Related Content:

Book Cover of the Week: Nightbird

Wednesday, February 18, 2015 | Permalink

Posted by Nat Bernstein

Jewish novelist Alice Hoffman turns her deft mastery of magical realism to Middle Grade fantasy with Nightbird, a tale of enchantments, mysterious family curses, and (of course) young love:

Lois Lowry (two-time Newbery Medal recipient and author of The Giver in case you live under a rock) likens this book to "reentering a wonderful dream that you vaguely remember," celebrating how "Alice Hoffman creates the most ordinary people and then turns their lives magical." Looking for a book to share with a preteen? I think you just found it.

Related content:

Meet Sami Rohr Prize Finalist Molly Antopol

Tuesday, February 17, 2015 | Permalink

Posted by Naomi Firestone-Teeter

Today we hear from one final 2015 Sami Rohr Prize finalist: Molly Antopol. Molly's debut collection of stories, The UnAmericans, received praise from around literary (and Jewish) universe, and even made it to the longlist for a 2014 National Book Award, so we were thrilled to welcome her to the Sami Rohr literary community. We have lots about Molly in JBCland, including her Visiting Scribe posts and her video chat for JBC Book Clubs (I even wrote about Molly for another site, recommending a wine for book clubs to enjoy while reading the book!), but we couldn't resist the opportunity to share a little more about this highly talented author below. 

And, of course, a hearty congratulations again to our other four finalists, who have been profiled over the past several weeks: Ayelet Tsabari, Kenneth Bonert, Yelena Akhtiorskaya, and Boris Fishman. Be sure to check back soon to see which of these authors will be taking home $100,000.

What are some of the most challenging things about writing fiction?

Honestly? Everything! I’ve heard some writers talk about stories arriving fully formed in their minds, and all they have to do is transcribe. That’s never happened for me. But I’m grateful for it—all of the stories in my book took at least a year, sometimes two, to write. Every one of them changed drastically draft by draft, and I often don’t discover what a story is truly about until the tenth or twelfth or fifteenth version.

What or who has been your inspiration for writing fiction?

Many of my relatives are incredible storytellers and I started thinking about how best to tell a story when I was a kid. When it was my turn to talk at the dinner table, I knew I’d better have something interesting to say. A lot of my family’s stories revolved around their involvement in the communist party. I heard so many tales of tapped lines and dinnertime visits from the FBI, and many of the stories in my book grew out of my desire to understand what it might have been like for my mother and her siblings to have grown up under such intense surveillance, knowing that their most intimate moments were being recorded and catalogued.

Who is your intended audience?

I like to picture a better version of myself reading whatever I write—a version that can’t be dismissive or judgmental, a version that understands that in order to write the kind of fiction I strive to write, it’s necessary to feel empathy for even the least “likeable” or sympathetic people.

Are you working on anything new right now?

I’m at work on a novel, called The After Party. It’s set in Israel and the U.S.—but I’m too superstitious to say anything else!

What are you reading now?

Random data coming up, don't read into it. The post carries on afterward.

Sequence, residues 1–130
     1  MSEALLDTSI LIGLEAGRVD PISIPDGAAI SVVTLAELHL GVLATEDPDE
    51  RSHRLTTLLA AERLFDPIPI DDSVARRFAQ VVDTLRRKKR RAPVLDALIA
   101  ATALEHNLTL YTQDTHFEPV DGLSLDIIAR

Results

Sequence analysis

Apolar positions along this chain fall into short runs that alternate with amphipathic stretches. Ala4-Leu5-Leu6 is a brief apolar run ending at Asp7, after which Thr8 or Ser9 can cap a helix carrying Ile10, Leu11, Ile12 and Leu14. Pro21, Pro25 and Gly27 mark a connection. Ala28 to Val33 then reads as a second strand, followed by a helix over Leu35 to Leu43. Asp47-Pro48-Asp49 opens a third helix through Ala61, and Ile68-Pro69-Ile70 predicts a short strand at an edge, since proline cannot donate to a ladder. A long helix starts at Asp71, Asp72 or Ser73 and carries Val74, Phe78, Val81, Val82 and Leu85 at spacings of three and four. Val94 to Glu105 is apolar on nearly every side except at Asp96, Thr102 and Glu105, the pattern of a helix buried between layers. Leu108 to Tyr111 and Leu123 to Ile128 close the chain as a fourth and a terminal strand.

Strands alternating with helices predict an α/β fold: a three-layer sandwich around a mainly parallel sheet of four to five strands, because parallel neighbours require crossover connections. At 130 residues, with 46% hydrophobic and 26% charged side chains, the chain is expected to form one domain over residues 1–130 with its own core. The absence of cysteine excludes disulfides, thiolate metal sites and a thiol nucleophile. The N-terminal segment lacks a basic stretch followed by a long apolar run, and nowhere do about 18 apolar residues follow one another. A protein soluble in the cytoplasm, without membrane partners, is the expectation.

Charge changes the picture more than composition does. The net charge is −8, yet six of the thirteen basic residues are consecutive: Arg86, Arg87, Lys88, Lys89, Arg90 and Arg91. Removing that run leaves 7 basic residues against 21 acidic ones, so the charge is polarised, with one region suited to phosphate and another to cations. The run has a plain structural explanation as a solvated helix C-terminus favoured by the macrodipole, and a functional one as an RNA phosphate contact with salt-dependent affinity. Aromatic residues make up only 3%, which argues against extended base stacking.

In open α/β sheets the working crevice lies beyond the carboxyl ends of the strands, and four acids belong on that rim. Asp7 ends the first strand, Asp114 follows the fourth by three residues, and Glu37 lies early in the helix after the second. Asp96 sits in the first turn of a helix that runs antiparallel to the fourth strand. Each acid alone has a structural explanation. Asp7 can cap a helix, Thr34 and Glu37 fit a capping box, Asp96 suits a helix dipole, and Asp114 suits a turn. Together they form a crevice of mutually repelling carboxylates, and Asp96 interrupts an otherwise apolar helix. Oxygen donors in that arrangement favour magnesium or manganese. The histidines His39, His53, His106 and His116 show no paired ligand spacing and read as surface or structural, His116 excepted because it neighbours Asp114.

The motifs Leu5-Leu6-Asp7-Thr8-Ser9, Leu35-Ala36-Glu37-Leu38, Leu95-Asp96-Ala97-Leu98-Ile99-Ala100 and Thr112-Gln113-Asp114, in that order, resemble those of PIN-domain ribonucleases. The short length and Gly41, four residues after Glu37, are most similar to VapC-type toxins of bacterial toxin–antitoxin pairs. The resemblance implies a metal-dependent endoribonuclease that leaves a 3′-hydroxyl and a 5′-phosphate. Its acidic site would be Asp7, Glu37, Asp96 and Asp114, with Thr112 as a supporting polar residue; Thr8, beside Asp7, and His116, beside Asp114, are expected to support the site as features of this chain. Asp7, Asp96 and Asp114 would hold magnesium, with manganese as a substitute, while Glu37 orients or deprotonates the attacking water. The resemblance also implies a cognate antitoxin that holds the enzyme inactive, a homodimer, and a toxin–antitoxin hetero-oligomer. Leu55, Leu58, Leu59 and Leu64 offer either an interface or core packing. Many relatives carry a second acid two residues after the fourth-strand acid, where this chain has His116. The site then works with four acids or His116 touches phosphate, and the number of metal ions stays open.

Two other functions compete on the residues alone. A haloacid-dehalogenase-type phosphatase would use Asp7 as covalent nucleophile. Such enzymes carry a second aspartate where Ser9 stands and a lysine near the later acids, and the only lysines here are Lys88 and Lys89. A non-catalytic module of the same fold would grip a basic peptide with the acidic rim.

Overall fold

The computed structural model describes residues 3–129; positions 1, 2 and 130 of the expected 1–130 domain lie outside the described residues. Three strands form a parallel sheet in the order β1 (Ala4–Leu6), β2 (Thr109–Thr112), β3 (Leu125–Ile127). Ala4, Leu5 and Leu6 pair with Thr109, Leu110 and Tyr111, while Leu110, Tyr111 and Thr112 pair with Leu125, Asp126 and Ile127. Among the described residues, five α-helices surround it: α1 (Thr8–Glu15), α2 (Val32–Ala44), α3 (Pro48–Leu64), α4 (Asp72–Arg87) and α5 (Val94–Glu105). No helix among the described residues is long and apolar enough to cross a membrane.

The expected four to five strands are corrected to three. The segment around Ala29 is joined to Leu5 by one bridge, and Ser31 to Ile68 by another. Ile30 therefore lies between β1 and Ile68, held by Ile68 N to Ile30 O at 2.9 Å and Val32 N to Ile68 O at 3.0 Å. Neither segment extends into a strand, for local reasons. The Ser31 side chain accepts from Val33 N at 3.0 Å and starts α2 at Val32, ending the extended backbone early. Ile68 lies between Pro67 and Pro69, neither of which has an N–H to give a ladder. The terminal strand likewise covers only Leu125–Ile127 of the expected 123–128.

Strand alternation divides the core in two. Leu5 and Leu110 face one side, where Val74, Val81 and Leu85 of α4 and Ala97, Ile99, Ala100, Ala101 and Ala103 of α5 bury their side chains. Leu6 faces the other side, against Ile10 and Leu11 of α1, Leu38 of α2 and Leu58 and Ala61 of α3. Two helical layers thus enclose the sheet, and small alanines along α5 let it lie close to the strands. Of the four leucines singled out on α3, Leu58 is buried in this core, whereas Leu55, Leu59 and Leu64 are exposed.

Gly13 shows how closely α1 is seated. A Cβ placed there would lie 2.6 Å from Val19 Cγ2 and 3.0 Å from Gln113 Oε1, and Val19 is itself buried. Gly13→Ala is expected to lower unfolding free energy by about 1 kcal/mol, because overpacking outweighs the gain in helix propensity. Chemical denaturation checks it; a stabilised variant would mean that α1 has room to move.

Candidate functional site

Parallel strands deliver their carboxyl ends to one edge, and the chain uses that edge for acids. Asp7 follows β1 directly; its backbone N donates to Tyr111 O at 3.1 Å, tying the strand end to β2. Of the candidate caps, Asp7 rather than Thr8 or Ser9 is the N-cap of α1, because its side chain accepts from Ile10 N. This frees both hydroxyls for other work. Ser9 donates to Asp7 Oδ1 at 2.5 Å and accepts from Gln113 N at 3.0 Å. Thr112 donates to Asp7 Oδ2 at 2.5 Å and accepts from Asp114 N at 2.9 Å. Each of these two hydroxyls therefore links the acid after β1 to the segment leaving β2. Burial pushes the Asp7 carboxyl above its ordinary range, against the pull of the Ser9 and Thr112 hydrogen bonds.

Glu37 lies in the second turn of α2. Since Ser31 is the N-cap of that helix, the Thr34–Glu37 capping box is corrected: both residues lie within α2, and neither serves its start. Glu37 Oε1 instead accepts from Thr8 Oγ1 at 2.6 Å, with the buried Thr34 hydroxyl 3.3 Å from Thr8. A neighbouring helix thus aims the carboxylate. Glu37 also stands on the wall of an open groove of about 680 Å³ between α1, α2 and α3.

Louise Gluck’s gorgeous new poetry collection, Faithful and Virtuous Night, and a collection of linked stories, Uncle Peretz Takes Off, by another of my favorite writers, Ya’akov Shabtai.

Top 5 favorite books

When did you decide to be a writer? Where were you?

It wasn’t a conscious decision, exactly. I’ve always read a lot. As a kid, I had all sorts of imaginary friends and my mom says I used to spend full days writing myself into whatever book I was reading. But writing as a career? It felt to me like a pie-in-the-sky profession, like being an astronaut or a magician. I figured I’d sneak in time to write when I wasn’t working—when I was a kid I wanted to be a marine biologist or a zoologist.

What is the mountaintop for you — how do you define success?

Seeing someone on the subway reading my book!

How do you write — what is your private modus operandi? What talismans, rituals, props do you use to assist you?

I don’t have a special writing hat or a lucky bathrobe or anything like that. If I can sit down and get something done, it doesn’t matter if I’m dressed or still in my pajamas, or at my desk or on the couch. My only rule is to get started in the morning. I like to roll out of bed and just get to work, before my day gets too cluttered and the emails begin to pile up. I treat writing like a job, putting in full days on the days I don’t teach and half days on the days that I do. I shut the phone off, and lately I’ve been using a program that prevents me from accessing the Internet. I’m horribly addicted and researching one small (yet essential!) detail for a story can often lead to a three-hour black hole from which I only emerge once I’ve learned everything I can about something wholly unrelated to my book and have won a bidding war on eBay over a vintage lamp I never wanted in the first place.

What do you want readers to get out of your book?

I hope readers get swept up in the stories the way I’ve gotten swept up in so many books. I’ve missed my bus stop any number of times because I was so wrapped up in what I was reading, and felt disoriented when I had to put the book away and was no longer in the world of my characters.

Molly Antopol's debut story collection, The UnAmericans, was published here by W.W. Norton in 2014, and in six other countries. She teaches creative writing at Stanford University, where she was a recent Wallace Stegner Fellow. A recipient of the National Book Foundation's 5 Under 35 award and longlisted for the National Book Award, she holds an MFA from Columbia University and lives in San Francisco.

Related Content:

Trying Not to Drown in a Glass of Water On My Way to Cuba

Tuesday, February 17, 2015 | Permalink